Every place is fascinating in some way. Even Kansas and Nebraska have some interesting geology.

    1. Your post reminded me of the book PrairyErth by William Least Heat Moon.  It’s an 800-something page book about one county in Kansas that is at the geographic center of the continental US.  I know it sounds crazy, but it’s a great read.  As you say: every place is fascinating in some way.  You just have to have eyes to see.

      1.  That’s a great book.

        I was put in mind of John McPhee’s series of books collectively called Annals of the Former World.  He reconstructs the geologic history of North America by driving around it with geologists and seeing what they can see from the road. I haven’t looked at a road cut the same way since.

  32. Maggie, make sure to get to Devil’s Lake at some point.  It’s one of the most geologically interesting (and pretty!) parts of Wisconsin.

    1. Devil’s Lake is an endorheic lake. Thanks to the glaciers, it’s a closed drainage basin and one of only a handful in the US east of the Rockies.

  33. Noting the number of “Driftless” residents… Isn’t it time that we schedule a meetup in the La Crosse Area?

  34. My father was a geology professor and being in Illinois absolutely loved the driftless zone. Devil’s Lake State Park near Baraboo is fantastic and is a great campground with lovely trails mostly made by the Civilian Conservation Corps in the 30’s. It’s a great base to explore the area.

  35. I’ve always been struck by just how different Wisconsin’s terrain is to Minnesota’s. It’s one of my favorite transitions in the Midwest.

  36. Just in case anyone is curious, and I haven’t seen this addressed yet, it’s pronounced Bear-a-boo. And not Buh-raboo or something similar.

    1. Yeah, and remember: You can’t serve a bear a beer in a bar in Baraboo on a Sunday.

      If the meet-up is on a weekend, I’ll bring kringle.

  37. There is so much to like about the Driftless region – glad you liked it. We don’t live there (I do work in the Monadnock Building though) but visit all the time. Just don’t y’all visit it all at once.

  38. Wow, this is a wonderful description of the area where I live and love.
    My husband and I had our first date biking out into the Driftless, and were married a year later on Earth Day 34 years ago.  Today we are building a very green house using a number of natural building, as well as shiny green technologies.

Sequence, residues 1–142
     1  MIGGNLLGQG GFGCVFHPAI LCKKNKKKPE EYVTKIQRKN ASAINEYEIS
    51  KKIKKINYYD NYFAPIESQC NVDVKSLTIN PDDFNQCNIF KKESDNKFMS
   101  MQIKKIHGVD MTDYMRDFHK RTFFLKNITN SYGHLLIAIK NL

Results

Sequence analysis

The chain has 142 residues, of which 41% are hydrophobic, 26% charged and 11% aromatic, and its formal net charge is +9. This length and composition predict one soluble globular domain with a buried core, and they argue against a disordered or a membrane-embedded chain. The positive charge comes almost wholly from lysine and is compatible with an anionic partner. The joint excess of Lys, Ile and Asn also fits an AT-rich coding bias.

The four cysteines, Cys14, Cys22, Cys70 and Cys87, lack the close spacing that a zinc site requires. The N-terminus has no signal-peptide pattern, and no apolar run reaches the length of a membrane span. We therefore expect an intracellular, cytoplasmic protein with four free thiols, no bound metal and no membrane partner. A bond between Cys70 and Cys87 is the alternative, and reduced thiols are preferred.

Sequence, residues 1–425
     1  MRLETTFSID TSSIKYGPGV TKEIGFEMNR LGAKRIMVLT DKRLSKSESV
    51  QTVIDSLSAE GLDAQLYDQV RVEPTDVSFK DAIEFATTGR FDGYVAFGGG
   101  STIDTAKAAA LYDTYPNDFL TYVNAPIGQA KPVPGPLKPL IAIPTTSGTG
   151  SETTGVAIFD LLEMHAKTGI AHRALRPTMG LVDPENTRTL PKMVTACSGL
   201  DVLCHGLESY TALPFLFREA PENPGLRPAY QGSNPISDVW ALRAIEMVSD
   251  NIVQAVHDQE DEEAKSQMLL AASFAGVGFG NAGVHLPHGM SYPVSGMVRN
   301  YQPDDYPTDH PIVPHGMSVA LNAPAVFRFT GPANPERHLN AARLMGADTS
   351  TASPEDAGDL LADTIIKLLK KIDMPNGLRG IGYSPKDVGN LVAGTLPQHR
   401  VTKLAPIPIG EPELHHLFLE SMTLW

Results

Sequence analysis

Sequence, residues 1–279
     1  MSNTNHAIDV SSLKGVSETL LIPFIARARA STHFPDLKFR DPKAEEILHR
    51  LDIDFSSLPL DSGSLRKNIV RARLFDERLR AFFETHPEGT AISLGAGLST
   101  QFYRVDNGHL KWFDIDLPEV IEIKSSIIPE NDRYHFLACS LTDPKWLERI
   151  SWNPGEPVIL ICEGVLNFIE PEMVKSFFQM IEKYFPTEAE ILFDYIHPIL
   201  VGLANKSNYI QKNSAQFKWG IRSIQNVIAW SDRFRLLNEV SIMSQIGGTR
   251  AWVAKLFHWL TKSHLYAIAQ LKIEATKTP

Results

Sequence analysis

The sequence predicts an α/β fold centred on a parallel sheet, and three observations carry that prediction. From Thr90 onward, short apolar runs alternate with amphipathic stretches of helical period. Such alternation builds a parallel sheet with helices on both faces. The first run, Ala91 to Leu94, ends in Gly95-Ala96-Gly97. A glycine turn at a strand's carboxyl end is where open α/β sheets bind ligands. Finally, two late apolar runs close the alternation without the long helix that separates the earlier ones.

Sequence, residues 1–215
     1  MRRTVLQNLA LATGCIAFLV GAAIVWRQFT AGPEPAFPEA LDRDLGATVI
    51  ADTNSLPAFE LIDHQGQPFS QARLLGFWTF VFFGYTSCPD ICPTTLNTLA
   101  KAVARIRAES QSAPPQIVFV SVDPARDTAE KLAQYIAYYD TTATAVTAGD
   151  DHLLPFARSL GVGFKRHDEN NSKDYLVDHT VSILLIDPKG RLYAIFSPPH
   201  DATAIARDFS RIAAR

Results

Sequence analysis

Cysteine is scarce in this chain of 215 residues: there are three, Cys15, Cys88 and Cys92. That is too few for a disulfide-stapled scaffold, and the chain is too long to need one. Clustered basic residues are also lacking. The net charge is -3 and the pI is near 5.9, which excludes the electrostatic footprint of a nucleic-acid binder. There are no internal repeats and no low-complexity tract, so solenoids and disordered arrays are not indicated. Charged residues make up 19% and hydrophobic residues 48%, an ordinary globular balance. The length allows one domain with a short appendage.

Underhill House is intended to be a demonstration of mindful building practices like passive solar design, unmilled whole timber frame construction, slipform stone walls as part of the foundation, cutting edge solar infloor heating technology and a sod roof.
    You can follow our progress, if you wish, at
    We are hoping to create a home worthy of this amazing Driftless Area.

  39. If any reading this thread every travels to the area, consider visiting Effigy Mounds National Monument in northeast Iowa, which is also part of the Driftless Area. It’s one of my favorite places in Iowa: Thousand-year-old animal-shaped earthen mounds, and spectacular views over the Mississippi River.

    If you’re into paddling, the Upper Iowa River — which is completely unrelated to the similarly named Iowa River, which is emphatically not in the Driftless Area — is a great trip. The nearby Yellow River State Forest has what is probably the only long-distance non-rail-trail hiking route in the state. (About 25 miles, IIRC.)

    A big industry in the area used to be button manufacturing. Beds of mussels used to blanket the Mississippi River bed. The industry took off, and mussel numbers declined.

    I grew up in Iowa and the area is one of my favorite places. There was a restaurant (whose name I forget, and it had closed down the last time I visited) that stored its beer in a 200-foot-long tunnel bored into the side of one of these monadnocks. I think it was outside of Marquette, Iowa.

  40. I think I prefer ‘inselberg’ to ‘monadnock’. And if the butte is sticking up above a lava plain, it’s a ‘steptoe’.

  41. every drive across the country I’ve swung through this area. It’s pretty enough to make the sidetrack